Your external customers are the people with dirty houses that you make look brand new again and get paid from. Your internal customers are your technicians, office staff, sales staff, and any other people whom you pay. Internal customers are often very neglected and that is why they leave. It has been speculated that people leave their boss, not their job, and that is scary to think about as it places the responsibility of employee retention all on our shoulders (it is). As small business owners we must take care of our staff and make them feel appreciated, but how do we make them work to the best of their ability? We shouldn’t have to make them do anything, they should be motivated to work, and nothing motivates quite like more money. However, some technicians are motivated by other things, like respect and a rewarding job, but money usually comes first. (Money is not usually what motivates an employee to take a job, company culture, reputation, and a pathway for career advancement are usually the deciding factors, but money is the main motivating factor you can use for performance pay after they are hired) Make your technician able to earn more if he or she does more. Have contests for who can get the most 5-star reviews in a month and give away a television, an AR-15, or simply a wad of cash. Make an upsell program where technicians get a percentage of whatever they add on to the job while meeting with the customer (top piece of bread in the job sandwich). Give raises based on performance, not tenure. Put your technicians on your website with a bio of who they are and what they like to do. Whatever you do, do it with your internal customers’ best interests always, and your internal customers will not only stick around, but they will ride with you wherever you take them because they trust you, usually because you first trusted them and never mistreated them. Make your field as attractive as possible to attract the technician greats. This is what we must do as business owners for customer acquisition and retention, both internally and externally. Said another way, all this we must do to hire technicians and get off the truck. 

     In review, it takes a lot to step away from the wand. It takes sweat equity, which means nothing works unless you work hard. It also takes a closed mouth and open ears, for both the technicians and the owner, which is hard to find in anyone these days as it is usually the other way around. You must make your new hires feel like you can’t live without them while exercising extreme patience to train them up to where you need them to be (a tip here is train the first hire very well, so they can train your next hire and you continue to stay off the truck) The key is to have a plan like a mission statement, SOPs, safety manual, etc., and show it to your potential hires. Make them think that they would be very foolish to not come with you on your cruise ship in the ocean, because you have a destination (your future company vision) and a lot of cool stops (more trucks, better equipment, more money) along the way. One of the greatest rules to live by is that small things consistently done, produce extraordinary results. This is the greatest habit to form, the habit of doing the same things for your business day in and day out. Get a work journal and write a list of what you want to accomplish for the week and get it done. At the end of the week if it is still not done, then push it to next week or deem it unimportant. The key is to get organized so that you appear to be an attractive business for your new hires to work in. You need the most employee buy-in that you can get. Google “employee buy-in” for a lot of great information.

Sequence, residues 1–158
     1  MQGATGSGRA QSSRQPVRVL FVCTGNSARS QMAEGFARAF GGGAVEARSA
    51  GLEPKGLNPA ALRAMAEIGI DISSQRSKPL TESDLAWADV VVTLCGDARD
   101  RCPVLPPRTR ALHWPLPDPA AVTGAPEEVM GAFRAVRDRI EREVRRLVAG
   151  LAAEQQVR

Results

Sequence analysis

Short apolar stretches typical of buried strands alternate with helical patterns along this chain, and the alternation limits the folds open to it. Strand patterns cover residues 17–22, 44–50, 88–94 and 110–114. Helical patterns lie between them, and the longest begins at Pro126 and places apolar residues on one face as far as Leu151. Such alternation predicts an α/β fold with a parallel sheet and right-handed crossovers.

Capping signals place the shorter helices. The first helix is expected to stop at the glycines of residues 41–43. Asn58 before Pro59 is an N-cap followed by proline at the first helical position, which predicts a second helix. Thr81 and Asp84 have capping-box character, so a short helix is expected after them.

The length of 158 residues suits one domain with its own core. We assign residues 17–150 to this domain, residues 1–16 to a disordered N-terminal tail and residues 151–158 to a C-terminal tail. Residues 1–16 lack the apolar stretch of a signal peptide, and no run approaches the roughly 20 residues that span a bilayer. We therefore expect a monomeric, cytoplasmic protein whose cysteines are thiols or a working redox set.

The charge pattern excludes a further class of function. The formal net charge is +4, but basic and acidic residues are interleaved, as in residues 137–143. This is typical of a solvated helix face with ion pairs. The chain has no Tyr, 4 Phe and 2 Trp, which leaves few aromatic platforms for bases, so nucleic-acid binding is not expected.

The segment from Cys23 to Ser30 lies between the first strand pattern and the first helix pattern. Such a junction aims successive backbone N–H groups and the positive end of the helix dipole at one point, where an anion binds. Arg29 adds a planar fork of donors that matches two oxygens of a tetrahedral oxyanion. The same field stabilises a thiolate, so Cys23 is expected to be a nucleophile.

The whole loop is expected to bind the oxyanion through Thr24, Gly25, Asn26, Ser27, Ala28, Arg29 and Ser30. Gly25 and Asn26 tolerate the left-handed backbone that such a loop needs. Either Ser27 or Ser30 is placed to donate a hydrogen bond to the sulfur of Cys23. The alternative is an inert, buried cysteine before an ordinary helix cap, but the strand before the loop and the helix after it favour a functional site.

Stepping away from the wand is very different than stepping away from your business. Very few exterior cleaning businesses out there could withstand their owners to be gone for an extended period of time (two to three months or more) with no hiccups, so don’t think of that as your goal. Being “off the truck” means that you are in the office finding every way to make your internal and external customers 100 percent satisfied with your business. Let the internal customers down, and you are back on the truck. Let the external customers down, and you are out of a job. No pressure! So what’s the one take away from this series of articles? What part do you need to read to get to the point and learn how to get off the truck? All the parts. Parts of leadership books, parts of audiobooks on company culture, parts of a magazine article on how to keep your technicians happy and how to make your customers raving fans of your business, parts of classes at conventions, parts of texts with your mentor, all the parts make a whole. To step away from the wand means you are stepping into the shoes of a business owner, not a self-employed person, and that means you have to learn everything about that job, the job of an owner, which is very different than the job of a technician. It is one thing to wash houses for a living and one very different thing to own a company that does. You must become a student to get this right, and these articles are just the beginning. Find a mentor, find a podcast, find a coach who has built an exterior cleaning business and soak up all the information you can. Read or listen to books on business and most of all never develop an overinflated ego that is so big it prevents you from learning (big egos have small ears), and it prevents you from acquiring great technicians. In closing, make your ballpark awesome, make your cruise ship have a destination, two is one and one is none, and always remember, “if you build it, they will come”!